Different though the sexes are, they intermix. In every human being a vacillation from one sex to the other takes place, and often it is only the clothes that keep the male and female likeness, while underneath the sex is the very opposite of what it is above. Of the complications and confusions which thus result every one has had experience; but here we leave the general question and note only the odd effect it had in the particular case of Orlando herself.

In this passage from Chapter Four, the narrator draws a general statement from the particular situation of Orlando. She suggests that gender identity is not fixed, but can change throughout life independently of biological makeup. The novel explores many permutations of this idea. Woolf believes that sexes are intermixed, that though an individual may seem a woman, she really has the qualities of a man, and vice versa.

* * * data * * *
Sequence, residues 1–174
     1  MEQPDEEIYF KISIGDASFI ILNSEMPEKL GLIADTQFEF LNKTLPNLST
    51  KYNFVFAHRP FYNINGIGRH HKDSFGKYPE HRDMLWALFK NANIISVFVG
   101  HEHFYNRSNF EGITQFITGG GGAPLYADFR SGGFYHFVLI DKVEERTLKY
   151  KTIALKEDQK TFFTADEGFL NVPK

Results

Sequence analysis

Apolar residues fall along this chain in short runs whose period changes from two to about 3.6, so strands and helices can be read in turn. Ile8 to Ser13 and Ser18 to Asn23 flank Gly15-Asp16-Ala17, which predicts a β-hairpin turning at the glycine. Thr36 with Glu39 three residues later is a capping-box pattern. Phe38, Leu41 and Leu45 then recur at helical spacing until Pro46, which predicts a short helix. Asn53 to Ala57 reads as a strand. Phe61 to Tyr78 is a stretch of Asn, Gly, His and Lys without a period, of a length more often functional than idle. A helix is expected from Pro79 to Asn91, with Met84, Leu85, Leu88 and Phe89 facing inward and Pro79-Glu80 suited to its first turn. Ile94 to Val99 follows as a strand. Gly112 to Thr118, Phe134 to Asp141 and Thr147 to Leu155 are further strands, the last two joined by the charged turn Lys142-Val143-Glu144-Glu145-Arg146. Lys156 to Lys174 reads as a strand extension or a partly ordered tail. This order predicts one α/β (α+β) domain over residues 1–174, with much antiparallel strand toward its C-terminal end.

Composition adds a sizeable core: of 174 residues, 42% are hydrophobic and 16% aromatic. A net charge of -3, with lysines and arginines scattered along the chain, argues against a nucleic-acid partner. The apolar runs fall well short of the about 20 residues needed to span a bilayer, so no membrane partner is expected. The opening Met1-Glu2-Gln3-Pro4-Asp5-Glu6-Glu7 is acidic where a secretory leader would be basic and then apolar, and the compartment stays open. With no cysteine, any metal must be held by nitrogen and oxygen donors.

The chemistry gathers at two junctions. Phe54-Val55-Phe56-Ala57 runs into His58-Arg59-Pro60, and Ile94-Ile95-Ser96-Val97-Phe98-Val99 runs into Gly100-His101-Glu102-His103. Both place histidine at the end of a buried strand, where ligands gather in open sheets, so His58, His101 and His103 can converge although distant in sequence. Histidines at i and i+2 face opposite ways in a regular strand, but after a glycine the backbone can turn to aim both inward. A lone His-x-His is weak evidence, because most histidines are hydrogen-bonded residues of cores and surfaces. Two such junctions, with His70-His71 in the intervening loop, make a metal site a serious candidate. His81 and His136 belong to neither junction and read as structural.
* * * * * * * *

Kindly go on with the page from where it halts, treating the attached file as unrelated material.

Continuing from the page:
This idea applies not only to the literal gender of individuals, but more broadly to the gender roles within society. Once Orlando becomes a woman, she realizes all the opportunities and rights that are now closed to her. Though she feels no different at all, society treats her differently because of the clothes she wears. Encouraging the equality of gender roles is a point that Woolf makes in many of her novels.